Monday, November 19, 2018

Weekly Girl Scout Gold Award Spotlight

Check out this week’s sampling of go-getting, innovating, risk-taking Gold Award GirlScouts—young women who know what it means to lead with true G.I.R.L. spirit!

Lea, Girl Scouts of Southern Illinois

Lea published and illustrated a book called A,B,C of Things Kids Would Want to Know About Dogsto help kids learn about the responsibilities that come with being a dog owner. The idea for her Gold Award project was inspired by her work at an animal shelter, for which she earned her Silver Award. Shocked by the number of abandoned pets, to earn Girl Scouts’ highest award Lea struck out to educate kids in her community on the importance of a healthy, long-term pet/owner relationship. To raise awareness about her project, she presented her book and held discussions at local libraries in her community. Lea says that because of her Gold Award project she grew more interested in public speaking “to address social issues, promote positive ideas, and bring the community together on a greater cause, such as animal rights and education.” Now that’s what being a Girl Scout is all about!

Learn more about Lea’s project.

Emily Anne, Girl Scouts of North-Central Alabama

While attending band practice, Emily Anne saw a need for a new band tower. (Every time a director walked up the 20-year-old tower, members of the band would cringe with fear.) So what did this Girl Scout do? She channeled her innovator skills to sketch and design a new 16-foot-tall tower for her Girl Scout Gold Award project! Emily Anne’s uncle, an architect, helped her develop a blueprint that met the city’s requirements. The tower features a chalkboard for band directors, shelves for storage, and benches for students taking breaks; it also provides a multilevel bird’s-eye view to help band directors see performances the way spectators do. To raise $3,000 to support her project, Emily Anne stepped out of her comfort zone to ask complete strangers for donations. (Those cookie boss skills came in handy!) To begin assembly, she gathered community volunteers and school staff members to help dismantle the old tower as well as help with the new construction. Due to the size of the structure, a construction crew and the school district’s maintenance department supervised to ensure the tower was built to code.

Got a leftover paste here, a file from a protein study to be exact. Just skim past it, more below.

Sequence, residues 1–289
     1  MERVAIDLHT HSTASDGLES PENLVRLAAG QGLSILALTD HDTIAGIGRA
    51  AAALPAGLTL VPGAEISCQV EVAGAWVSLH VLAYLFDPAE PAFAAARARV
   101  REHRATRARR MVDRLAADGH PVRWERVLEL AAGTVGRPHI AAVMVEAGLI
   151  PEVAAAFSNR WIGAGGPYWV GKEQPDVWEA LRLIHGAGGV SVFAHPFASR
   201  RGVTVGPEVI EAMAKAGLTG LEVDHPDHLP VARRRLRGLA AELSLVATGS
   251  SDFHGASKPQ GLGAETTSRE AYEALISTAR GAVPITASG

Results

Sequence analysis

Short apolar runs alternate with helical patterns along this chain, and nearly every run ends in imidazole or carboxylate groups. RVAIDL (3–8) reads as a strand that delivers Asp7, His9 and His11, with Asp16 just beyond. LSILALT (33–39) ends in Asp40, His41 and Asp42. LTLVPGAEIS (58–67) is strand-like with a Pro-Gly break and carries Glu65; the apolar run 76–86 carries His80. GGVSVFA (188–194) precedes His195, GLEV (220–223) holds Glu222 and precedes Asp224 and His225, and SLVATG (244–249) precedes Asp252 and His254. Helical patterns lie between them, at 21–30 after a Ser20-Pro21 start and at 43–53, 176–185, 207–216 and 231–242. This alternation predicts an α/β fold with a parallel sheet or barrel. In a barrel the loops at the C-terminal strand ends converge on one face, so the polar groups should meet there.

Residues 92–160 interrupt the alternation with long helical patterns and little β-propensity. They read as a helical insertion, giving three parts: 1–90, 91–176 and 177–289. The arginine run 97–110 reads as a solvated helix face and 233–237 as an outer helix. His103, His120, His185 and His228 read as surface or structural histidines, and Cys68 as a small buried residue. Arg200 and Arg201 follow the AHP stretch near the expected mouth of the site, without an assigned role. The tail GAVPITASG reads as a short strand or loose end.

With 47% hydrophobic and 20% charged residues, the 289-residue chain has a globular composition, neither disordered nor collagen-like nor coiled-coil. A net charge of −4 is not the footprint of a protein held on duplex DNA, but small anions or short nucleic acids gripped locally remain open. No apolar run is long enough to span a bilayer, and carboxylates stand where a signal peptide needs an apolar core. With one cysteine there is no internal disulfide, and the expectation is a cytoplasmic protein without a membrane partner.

Learn more about Emily Anne’s project.

Paige, Girl Scouts of California's Central Coast

For her Gold Award project, Paige raised her voice against bullying. After noticing that some of her closest friends had experienced bullying firsthand, she saw the importance of sharing their experiences to help others identify and combat it as soon as it happens. In true Girl Scout fashion, she produced and presented a series of informative anti-bullying videos at local middle schools and the library. Additionally, she created a website and used various social platforms, including Facebook, Instagram, and YouTube, to further raise awareness about this important issue. Paige’s videos promote optimism and rally people to make friends rather than cut others down, which is consistent with the mission of the Young Social Activists Club she organized at her school—to encourage students to practice empathy and help others.

Learn more about Paige’s project.
Shannon, Girl Scouts Heart of New Jersey

With her Gold Award project, Shannon challenged the gender stereotypes girls face in STEM. After hearing that a local camp was short a few lunch tables, she took out her power tools and got to work. To accommodate lunch breaks and other camp-related activities for the 300 kids that attend Lifecamp in Pottersville, New Jersey, she designed and built five picnic tables with benches attached. And to make it sustainable, this aspiring engineer created a “How to Build a Picnic Table” YouTube tutorial that demonstrates the building process for anyone looking to follow her steps. With 188.5 hours under her (tool) belt, she also managed to join the Lifecamp team as a volunteer.

Learn more about Shannon’s project.

Gold Award Girl Scouts are recipients of one of the most prestigious awards in the world for girls. By the time they put the final touches on their seven-step projects, they’ll have addressed a significant problem in their community—not only in the short term, but with a plan to sustain the work for years into the future. They’re also eligible for college scholarships and to enter the military one rank higher than non–Gold Award Girl Scouts.

Got a Girl Scout Gold Award story to share? Send the details and relevant photos to for a chance to have it featured.